What is the electromagnetic spectrum?
The electromagnetic spectrum is a summary of all the possible frequencies of energy that result from the interaction between magnetic and electrical fields. There is a continuous transition from one frequency to another and that is why it is called a spectrum. For convenience when dealing with the spectrum it is divided into broad categories based on the most common applications.
Most of the spectrum is invisible to the human eye and ranges from very low frequency electrical and radio waves to very high frequency gamma rays. As the frequency increases, the wavelength decreases with the two being related by the equation c = frequency * wavelength where c is the speed of light (3 x 10^8 m/s) which is considered constant.
The energy is proportional to the wavelength based on the equation E = hf, where E is the energy, h is Planck's constant, and f is the frequency in Herz. Thus, the lowest frequency waves in the electromagnetic spectrum have the lowest energy while the highest frequency waves have the highest energy.
The electromagnetic spectrum includes all frequencies of electromagnetic radiation, from the radiowaves, which have a long wavelength, to gamma rays which have a short wavelength. It is referred to as a spectrum, but divided up by the ways the radiation interacts with matter. From longest to shortest wavelengths, the spectrum includes radio waves, microwaves, infrared, visible light, ultraviolet, X-Rays, gamma rays. Electromagnetic radiation in the range of 380-760nm is detected by the human eye and is known as visible light. The color red is at the longer end of the visible spectrum and the color violet is at the shorter end. All other wavelengths that are greater than 760nm and less than 380nm are not visible to the human eye.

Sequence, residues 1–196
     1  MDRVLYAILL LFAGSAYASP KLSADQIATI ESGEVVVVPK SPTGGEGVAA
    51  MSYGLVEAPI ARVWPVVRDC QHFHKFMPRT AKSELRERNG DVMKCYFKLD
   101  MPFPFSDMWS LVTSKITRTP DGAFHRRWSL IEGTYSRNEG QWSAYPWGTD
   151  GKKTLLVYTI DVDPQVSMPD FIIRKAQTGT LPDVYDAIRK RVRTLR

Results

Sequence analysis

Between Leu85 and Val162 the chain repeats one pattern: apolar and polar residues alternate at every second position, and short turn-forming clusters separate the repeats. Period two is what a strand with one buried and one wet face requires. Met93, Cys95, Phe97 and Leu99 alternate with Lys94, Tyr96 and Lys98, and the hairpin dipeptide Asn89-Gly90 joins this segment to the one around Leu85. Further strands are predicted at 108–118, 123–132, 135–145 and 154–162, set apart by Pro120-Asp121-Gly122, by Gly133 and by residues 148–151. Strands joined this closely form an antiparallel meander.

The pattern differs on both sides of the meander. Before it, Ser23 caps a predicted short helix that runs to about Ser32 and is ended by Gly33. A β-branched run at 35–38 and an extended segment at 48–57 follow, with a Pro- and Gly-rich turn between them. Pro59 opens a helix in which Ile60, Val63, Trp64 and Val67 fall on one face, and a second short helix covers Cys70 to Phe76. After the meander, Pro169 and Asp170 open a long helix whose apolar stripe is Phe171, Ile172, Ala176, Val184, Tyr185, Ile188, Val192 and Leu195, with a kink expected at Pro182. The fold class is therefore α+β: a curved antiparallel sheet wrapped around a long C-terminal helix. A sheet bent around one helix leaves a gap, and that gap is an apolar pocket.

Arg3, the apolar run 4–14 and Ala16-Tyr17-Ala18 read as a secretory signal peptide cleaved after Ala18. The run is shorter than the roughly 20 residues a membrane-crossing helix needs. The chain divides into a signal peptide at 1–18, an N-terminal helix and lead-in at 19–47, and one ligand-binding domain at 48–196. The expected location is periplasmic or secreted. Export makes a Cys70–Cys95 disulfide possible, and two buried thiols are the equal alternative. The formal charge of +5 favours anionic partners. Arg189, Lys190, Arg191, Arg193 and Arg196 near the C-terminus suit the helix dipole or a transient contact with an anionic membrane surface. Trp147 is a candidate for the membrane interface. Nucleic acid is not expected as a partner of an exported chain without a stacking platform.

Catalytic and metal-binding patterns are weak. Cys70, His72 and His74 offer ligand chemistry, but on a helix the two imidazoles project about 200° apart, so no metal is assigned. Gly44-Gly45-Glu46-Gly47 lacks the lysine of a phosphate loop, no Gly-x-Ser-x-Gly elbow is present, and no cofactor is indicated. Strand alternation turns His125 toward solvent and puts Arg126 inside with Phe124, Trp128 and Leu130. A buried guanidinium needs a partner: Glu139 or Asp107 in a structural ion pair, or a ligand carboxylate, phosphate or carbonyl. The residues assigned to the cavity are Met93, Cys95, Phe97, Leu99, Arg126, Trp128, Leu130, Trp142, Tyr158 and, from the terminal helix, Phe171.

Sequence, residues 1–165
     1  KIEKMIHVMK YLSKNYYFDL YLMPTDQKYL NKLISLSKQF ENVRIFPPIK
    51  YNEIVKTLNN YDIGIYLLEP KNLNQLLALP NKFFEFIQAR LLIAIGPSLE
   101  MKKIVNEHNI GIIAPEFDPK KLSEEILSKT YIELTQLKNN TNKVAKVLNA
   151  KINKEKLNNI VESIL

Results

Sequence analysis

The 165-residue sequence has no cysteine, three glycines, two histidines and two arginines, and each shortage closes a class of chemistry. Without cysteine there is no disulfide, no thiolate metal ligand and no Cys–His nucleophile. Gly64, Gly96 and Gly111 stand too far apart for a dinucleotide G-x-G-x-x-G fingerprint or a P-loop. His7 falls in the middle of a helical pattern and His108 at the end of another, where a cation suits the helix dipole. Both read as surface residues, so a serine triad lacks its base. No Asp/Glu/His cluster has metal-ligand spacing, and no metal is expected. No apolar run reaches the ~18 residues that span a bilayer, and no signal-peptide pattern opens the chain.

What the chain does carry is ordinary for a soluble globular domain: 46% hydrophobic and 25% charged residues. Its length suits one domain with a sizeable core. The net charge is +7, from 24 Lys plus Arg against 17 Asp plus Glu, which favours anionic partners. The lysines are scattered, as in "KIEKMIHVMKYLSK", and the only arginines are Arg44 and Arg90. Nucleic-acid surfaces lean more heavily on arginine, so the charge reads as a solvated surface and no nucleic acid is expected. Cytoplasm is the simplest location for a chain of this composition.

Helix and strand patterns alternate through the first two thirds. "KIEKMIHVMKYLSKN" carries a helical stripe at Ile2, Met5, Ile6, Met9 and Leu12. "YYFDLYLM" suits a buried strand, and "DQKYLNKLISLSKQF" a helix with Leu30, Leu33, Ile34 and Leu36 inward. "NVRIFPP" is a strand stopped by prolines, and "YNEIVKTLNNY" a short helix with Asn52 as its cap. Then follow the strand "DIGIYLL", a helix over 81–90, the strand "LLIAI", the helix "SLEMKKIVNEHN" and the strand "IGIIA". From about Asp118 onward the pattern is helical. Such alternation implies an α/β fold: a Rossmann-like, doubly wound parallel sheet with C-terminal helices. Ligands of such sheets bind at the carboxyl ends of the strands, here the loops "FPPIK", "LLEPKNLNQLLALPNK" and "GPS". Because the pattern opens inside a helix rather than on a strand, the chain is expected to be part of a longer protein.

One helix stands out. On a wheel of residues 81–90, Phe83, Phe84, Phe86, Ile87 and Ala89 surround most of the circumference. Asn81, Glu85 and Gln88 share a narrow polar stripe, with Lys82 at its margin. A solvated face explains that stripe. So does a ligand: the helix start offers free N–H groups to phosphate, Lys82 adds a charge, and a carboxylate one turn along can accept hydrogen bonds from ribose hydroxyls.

Electromagnetic spectrum refers to the entire range of electromagnetic waves, which are related patterns of electric and magnetic forces. These waves are generated by oscillation of electric charges. Visible light waves, which were the the first of the electromagnetic waves to be identified as waves, constitute one one small part within the entire spectrum of electromagnetic waves. The name spectrum was first applied to the range of these light waves. Beyond the violet end of the visible spectrum exist ultraviolet rays, X rays, and gamma rays. Beyond the red end of the visible spectrum exist infrared rays and radio waves.
Electromagnetic spectrum consists of bands of different wavelengths. In order of increasing wavelengths, these include gamma rays, X rays, ultraviolet light, visible light, infrared rays, microwaves, and radio waves.